For our second day in San Diego, Kyle suggested we explore the Mission Beach boardwalk. Mission Beach itself is a community built on a sandbar between the Pacific Ocean and Mission Bay. The boardwalk runs the length of the sandbar, about three and a half miles. Kyle lent us his truck to get to Mission Beach and a pair of bikes to take on the boardwalk. It was like staying at a luxury hotel where all the activities are free.

It took only fifteen minutes to drive to Mission Beach, but it took twice that to find a parking spot big enough for Kyle’s giant truck. Kirk, who normally drives a Jetta, decided against attempting to parallel park the monster. I agreed. We found some generous length of curb on a corner and eased right in. We lifted the bikes out of the back, navigated down a few back streets and spilled out onto the boardwalk. The sun gleamed off the ocean. Lazily, we began peddling. Up and down the path we rode, admiring the beach residences and checking out the tourists. Early afternoon we left the crowds on the boardwalk and turned inland to explore the bay. We cycled out onto a peninsula fringed with boat slips. Settling on a small arc of quiet sand, we ate our packed lunch watching moored sailboats bob in the blue shimmer.

Later on, we headed back to the house for some dinner and a change of clothes. Dan, a friend of ours from the waterski team and his roommate, Dimitri, said we should meet them out for drinks. The bar turned out to be one of those hole-in-the-wall looking places that seems to open up into the Silverdome when you get inside. All of us – friends, and friends of friends – drank merrily the night’s special, three dollar bottles of Rolling Rock. Kirk, the misfit, joyously drank his Captain & cokes. Our conversation was an animated one, owing to the fact that somehow, nearly a third of our number worked for the US Navy on a nuclear reactor. (Too many smart people with engineering degrees in one bar.) Naturally this led to ridiculous questions like, “Aren’t you worried you’re going to blow to smithereens at any second?” and hypothetical silliness, “Your children could be born glowing green with eleven toes.”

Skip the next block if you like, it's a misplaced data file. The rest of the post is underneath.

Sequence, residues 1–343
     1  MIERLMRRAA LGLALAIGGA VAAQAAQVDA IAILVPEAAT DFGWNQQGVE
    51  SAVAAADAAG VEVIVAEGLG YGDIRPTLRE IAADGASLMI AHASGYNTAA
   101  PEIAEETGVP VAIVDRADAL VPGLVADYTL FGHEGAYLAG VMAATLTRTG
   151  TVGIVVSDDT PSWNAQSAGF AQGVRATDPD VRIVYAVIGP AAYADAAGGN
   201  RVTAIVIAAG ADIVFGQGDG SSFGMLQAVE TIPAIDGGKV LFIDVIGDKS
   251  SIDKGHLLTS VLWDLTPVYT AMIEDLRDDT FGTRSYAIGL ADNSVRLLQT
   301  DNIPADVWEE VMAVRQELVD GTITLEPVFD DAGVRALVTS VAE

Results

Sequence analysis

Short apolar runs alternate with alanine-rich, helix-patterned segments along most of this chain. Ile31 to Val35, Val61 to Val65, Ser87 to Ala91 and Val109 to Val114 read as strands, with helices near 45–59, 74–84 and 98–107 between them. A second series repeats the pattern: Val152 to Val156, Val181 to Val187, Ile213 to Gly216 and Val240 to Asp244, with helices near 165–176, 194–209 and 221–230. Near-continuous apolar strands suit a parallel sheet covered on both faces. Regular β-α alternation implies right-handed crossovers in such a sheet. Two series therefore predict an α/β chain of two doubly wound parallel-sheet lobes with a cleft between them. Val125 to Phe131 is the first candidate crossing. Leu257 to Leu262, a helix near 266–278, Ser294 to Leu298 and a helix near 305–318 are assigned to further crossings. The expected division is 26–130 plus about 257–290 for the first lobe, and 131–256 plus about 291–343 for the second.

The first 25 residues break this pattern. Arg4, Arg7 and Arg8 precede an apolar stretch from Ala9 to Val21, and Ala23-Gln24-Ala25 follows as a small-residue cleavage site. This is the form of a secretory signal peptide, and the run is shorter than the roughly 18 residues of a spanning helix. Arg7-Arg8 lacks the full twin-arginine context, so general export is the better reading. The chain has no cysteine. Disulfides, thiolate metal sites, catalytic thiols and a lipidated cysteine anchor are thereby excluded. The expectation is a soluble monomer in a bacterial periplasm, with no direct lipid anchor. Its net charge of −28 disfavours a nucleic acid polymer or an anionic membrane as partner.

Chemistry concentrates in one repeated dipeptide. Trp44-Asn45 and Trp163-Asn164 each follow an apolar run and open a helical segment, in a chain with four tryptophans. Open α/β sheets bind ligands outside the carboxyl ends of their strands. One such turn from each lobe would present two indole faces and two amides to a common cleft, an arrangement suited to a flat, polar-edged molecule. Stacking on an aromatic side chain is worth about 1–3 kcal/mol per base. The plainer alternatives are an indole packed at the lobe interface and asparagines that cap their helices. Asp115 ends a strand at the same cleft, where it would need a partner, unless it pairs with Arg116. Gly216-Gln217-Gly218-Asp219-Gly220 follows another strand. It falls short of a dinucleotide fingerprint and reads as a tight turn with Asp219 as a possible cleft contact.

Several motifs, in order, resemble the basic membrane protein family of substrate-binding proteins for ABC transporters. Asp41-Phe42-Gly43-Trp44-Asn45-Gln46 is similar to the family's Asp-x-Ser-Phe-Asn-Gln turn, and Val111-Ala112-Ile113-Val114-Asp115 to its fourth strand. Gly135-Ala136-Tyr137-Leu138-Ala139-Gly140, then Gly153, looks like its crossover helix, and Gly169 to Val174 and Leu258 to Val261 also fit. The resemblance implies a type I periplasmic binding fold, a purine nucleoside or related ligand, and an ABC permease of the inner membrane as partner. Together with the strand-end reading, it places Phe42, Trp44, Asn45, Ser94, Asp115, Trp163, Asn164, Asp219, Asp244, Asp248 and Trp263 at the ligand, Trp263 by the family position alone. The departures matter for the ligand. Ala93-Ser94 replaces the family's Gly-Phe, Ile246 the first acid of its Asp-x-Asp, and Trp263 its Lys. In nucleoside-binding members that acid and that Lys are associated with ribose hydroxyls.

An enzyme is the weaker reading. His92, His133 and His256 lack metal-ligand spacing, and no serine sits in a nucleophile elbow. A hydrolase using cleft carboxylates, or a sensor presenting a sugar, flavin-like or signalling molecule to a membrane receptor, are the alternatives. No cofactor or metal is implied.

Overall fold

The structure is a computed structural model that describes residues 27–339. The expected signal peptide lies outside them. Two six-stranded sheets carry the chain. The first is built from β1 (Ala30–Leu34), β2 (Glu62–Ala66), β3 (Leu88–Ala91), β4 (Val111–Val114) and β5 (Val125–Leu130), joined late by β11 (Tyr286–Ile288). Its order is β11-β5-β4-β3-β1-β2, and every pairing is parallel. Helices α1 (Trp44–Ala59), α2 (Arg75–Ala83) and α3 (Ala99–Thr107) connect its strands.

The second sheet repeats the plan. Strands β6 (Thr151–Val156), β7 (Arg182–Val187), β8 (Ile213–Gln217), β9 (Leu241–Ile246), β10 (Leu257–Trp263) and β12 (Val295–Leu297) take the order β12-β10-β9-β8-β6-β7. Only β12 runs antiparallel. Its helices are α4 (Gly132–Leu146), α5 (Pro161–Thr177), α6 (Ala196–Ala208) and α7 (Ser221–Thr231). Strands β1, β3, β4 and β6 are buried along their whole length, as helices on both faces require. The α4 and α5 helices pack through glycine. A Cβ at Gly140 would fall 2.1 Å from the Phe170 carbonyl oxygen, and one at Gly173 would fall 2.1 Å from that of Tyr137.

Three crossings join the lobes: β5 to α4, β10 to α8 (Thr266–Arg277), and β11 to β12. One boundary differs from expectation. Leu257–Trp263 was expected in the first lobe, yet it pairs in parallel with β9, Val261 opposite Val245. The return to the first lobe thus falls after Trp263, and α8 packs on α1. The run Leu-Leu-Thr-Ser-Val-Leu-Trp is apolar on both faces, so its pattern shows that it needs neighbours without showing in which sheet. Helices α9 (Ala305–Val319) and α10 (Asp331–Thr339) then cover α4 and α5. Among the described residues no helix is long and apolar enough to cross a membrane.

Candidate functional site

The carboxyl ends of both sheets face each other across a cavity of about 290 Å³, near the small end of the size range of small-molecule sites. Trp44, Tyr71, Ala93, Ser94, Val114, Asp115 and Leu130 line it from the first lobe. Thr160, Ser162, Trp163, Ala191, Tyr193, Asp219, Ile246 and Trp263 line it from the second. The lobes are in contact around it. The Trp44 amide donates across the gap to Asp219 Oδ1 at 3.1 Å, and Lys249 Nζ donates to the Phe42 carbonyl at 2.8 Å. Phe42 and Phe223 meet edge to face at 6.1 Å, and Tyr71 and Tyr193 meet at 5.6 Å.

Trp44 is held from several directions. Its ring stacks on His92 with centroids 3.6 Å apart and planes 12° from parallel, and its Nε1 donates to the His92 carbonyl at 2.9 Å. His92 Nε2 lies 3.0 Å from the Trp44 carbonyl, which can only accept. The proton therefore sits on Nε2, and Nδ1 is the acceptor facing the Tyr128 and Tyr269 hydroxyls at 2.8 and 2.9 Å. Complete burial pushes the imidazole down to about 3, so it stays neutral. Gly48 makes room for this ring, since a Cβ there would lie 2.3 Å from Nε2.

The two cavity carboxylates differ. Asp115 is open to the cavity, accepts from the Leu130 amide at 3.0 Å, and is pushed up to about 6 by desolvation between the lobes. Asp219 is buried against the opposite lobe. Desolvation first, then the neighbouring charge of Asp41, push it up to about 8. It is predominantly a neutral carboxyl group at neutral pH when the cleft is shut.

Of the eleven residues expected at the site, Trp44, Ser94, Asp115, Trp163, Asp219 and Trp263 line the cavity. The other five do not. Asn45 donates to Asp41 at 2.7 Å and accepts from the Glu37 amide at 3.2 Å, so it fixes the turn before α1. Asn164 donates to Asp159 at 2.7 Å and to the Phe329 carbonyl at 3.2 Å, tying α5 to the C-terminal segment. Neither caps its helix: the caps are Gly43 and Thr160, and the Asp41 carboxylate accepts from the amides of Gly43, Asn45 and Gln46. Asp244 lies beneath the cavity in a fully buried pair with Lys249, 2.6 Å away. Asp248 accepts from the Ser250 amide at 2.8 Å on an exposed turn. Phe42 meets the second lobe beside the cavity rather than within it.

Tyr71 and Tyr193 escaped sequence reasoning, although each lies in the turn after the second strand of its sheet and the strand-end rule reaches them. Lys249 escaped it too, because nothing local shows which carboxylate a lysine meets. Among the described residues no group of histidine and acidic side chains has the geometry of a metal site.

The hour turned from late to early, and we said goodnight to Dan, Dimitri and the rest. Kyle, Dana, Kirk and I went on to find our fourth meal. And thankfully, it wasn’t Taco Bell. Not a single fast-food joint was open. We walked for what seemed miles (probably a few blocks) and found a small Mexican place specializing in take-out. I know, hardly seems a far cry from Taco Bell, but oh, it was. I had a couple battered fish tacos, even better than the day’s before, and to the chagrin of everyone else, I could not stop raving about them. My perception of their greatness might have suffered a bit of merry inflation, but never you mind.

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Our third day was all about the outdoors. Sure, we were at the beach the day before, but the beach is easy. The outdoors demand some effort, some stamina. Physicality. What did we do? Hike a mountain. Cowles Mountain.

It was more of a hill than a mountain, and more of a walk than a hike, but I was huffing. I should grant myself some credit. At nearly 1600 feet, Cowles is the tallest peak in the city of San Diego.

After the hike, we stopped home for a bit of lunch and then it was off again on another adventure. It was low tide, perfect timing to explore the Point Loma tide pools.

We jumped rocks, poked at anemones and searched for the elusive starfish. The sun was setting, casting a rich golden hue on the landscape. So what do you want to do tonight guys? Kyle asked. I said, Eat chocolate cake.

Too wiped out to go out, Kyle, Kirk and I stayed in. Before we holed up however, we decided we needed to procure some provisions. In doing so, I had to make good on my one desire for the evening. At the grocery store we picked up brownie mix (not cake, but close) and some El Jimador to make margaritas. Odd pairing, I know. At home, I mixed the batter, Kyle mixed the margaritas and Kirk popped Superbad in the DVD player. We settled in for a cozy Friday night. ☼